Everywhere you look, someone is posting on a social media account – whether they are snapping pics of their decadent dessert from some posh restaurant, scrambling to create that perfect 280 character post or posting some life update on their wall. And it’s not just millennials who are on the social media train! Grandparents use social media to connect with their loved ones, people join to reconnect with friends from high school, and even companies are using social media.
Why Do Companies Use Social Media?
A business uses social media as a way to connect with their ideal consumer in a way that a magazine ad or a television commercial cannot. Social media helps brands feel more like a friend, rather than someone trying to sell you something. Of course, simply because a brand has social media presence doesn’t mean they are going to stop posting ads everywhere. In fact, when it comes to marketing, 97% of marketers for business will use social media, and in 2014, 92% of those marketers said that marketing on social media was important for the success their business.
Is Social Media Right for Every Industry?
Social media, in general, is an important tool that can be used to make more people aware of the goings on within an industry. Does that mean people within that industry can use it with reckless abandon? Absolutely not. Some industries have changed in significant ways as a result of how popular social media has become. Four industries, in particular, have been disrupted as the result of the social media phenome and they are:
- Public Administration
Sports is a massive industry that extends from Pee-Wee sports, all the way up to the big leagues. While your 8-year old son isn’t going to be on any social media platform, someone who plays sports for their university or on a professional level is going to use them. Because these players are well-known and are in the public eye, they are representatives of their university or their professional team.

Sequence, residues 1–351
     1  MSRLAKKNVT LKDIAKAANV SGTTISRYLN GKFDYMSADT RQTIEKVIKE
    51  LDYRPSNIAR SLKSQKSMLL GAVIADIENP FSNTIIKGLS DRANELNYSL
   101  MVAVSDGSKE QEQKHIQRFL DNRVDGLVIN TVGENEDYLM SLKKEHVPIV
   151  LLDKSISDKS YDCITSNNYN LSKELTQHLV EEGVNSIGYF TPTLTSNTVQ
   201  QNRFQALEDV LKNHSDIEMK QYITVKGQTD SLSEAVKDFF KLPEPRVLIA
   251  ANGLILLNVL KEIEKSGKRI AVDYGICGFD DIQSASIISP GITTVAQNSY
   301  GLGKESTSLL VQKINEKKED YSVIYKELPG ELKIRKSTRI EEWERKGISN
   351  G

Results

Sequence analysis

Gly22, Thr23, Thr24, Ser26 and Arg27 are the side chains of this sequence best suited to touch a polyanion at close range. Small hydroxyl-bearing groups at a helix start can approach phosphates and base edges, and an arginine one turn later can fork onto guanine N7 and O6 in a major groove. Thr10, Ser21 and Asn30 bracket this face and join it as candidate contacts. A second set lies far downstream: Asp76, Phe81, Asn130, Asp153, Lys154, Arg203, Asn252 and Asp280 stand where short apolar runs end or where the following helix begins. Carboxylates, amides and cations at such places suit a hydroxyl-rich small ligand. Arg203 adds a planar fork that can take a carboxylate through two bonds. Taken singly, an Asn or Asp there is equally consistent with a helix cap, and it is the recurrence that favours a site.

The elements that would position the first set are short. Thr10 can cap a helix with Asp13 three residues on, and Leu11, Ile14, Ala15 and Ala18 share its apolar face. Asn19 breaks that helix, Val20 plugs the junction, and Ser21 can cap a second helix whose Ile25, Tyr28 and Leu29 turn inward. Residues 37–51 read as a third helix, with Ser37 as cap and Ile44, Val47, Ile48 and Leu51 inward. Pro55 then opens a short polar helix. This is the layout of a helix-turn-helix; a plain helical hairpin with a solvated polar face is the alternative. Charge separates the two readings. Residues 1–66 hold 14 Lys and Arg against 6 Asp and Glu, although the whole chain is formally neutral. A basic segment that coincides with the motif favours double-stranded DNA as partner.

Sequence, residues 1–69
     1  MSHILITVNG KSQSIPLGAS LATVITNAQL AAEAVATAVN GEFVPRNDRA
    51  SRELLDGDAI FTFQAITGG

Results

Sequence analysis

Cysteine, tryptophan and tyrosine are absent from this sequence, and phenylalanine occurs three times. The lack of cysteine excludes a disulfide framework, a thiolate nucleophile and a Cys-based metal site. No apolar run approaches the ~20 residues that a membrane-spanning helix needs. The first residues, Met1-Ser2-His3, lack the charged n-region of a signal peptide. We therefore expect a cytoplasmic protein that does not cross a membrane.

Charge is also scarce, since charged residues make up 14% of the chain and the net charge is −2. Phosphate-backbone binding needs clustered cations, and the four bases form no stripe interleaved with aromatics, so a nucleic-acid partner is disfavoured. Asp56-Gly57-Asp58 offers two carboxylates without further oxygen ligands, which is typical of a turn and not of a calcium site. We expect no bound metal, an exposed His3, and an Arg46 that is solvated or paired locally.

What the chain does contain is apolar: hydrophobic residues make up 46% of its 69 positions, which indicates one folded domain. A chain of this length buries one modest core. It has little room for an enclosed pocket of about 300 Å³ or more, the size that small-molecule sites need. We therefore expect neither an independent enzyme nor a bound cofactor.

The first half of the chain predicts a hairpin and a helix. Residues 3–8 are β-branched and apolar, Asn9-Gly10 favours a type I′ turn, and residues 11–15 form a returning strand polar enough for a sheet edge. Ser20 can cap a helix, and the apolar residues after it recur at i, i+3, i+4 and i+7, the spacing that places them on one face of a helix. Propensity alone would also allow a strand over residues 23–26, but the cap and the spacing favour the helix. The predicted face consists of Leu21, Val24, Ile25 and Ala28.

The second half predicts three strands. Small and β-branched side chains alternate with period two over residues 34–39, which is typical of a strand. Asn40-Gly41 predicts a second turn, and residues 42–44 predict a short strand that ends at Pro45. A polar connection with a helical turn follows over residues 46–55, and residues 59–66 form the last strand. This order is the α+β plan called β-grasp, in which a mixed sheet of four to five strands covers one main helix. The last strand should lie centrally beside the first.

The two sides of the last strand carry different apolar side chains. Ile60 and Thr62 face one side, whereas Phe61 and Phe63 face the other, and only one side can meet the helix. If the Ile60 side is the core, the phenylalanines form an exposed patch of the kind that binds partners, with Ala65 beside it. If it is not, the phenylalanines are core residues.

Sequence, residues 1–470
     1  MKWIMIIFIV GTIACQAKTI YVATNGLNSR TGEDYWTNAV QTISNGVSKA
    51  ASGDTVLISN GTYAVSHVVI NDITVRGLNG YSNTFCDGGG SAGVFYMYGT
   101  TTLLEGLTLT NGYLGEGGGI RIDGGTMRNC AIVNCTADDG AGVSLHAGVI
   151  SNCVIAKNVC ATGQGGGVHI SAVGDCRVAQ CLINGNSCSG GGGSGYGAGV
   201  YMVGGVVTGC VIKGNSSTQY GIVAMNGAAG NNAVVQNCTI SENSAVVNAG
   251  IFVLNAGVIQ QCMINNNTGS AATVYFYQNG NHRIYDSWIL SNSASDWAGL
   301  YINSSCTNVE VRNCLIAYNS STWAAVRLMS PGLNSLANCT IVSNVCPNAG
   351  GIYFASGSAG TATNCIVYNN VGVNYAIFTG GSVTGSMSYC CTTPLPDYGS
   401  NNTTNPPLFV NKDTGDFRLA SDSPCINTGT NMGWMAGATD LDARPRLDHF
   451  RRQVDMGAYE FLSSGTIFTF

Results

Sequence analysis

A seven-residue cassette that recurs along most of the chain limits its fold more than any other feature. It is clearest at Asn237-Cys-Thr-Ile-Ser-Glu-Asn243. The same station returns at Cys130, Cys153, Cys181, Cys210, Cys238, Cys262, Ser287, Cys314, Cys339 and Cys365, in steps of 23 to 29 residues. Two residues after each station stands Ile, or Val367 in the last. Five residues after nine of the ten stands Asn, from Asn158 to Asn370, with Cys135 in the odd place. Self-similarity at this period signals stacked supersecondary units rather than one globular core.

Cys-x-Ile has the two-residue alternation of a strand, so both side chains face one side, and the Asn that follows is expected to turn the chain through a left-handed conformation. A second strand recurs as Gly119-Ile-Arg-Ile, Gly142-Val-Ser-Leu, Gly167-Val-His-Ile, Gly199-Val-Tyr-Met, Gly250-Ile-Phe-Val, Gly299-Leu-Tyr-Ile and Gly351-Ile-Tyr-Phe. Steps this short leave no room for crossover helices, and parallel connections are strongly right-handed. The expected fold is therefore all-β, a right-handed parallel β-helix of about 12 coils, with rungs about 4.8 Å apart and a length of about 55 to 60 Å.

What’s interesting is that 1 in 5 student athletes use some form of social media, but only about half of them receive proper guidance on how to use these platforms in an acceptable manner. Which means 23.1% of student athletes have made inappropriate tweets and 22.3% have made inappropriate posts on Facebook.
Some university men’s basketball teams, like those at Minnesota, Purdue, Iowa, and Louisville, have completely banned their players from tweeting during some seasons.
We already mentioned how social media is a great tool for marketing. It can increase brand recognition, improve brand loyalty, and creates higher conversion rates than just some random ad in the newspaper. While it’s important to for companies to have social media accounts and interact with your customers, it can also cut down on the bottom line.
How? 80% of marketers report that their interaction on social media has created more exposure for their company, but these marketers can also spend as little as 6 hours each week and they will see an increase in lead generation. This means that their marketing expenses will decrease dramatically, thus saving on the bottom line!
3. Public Administration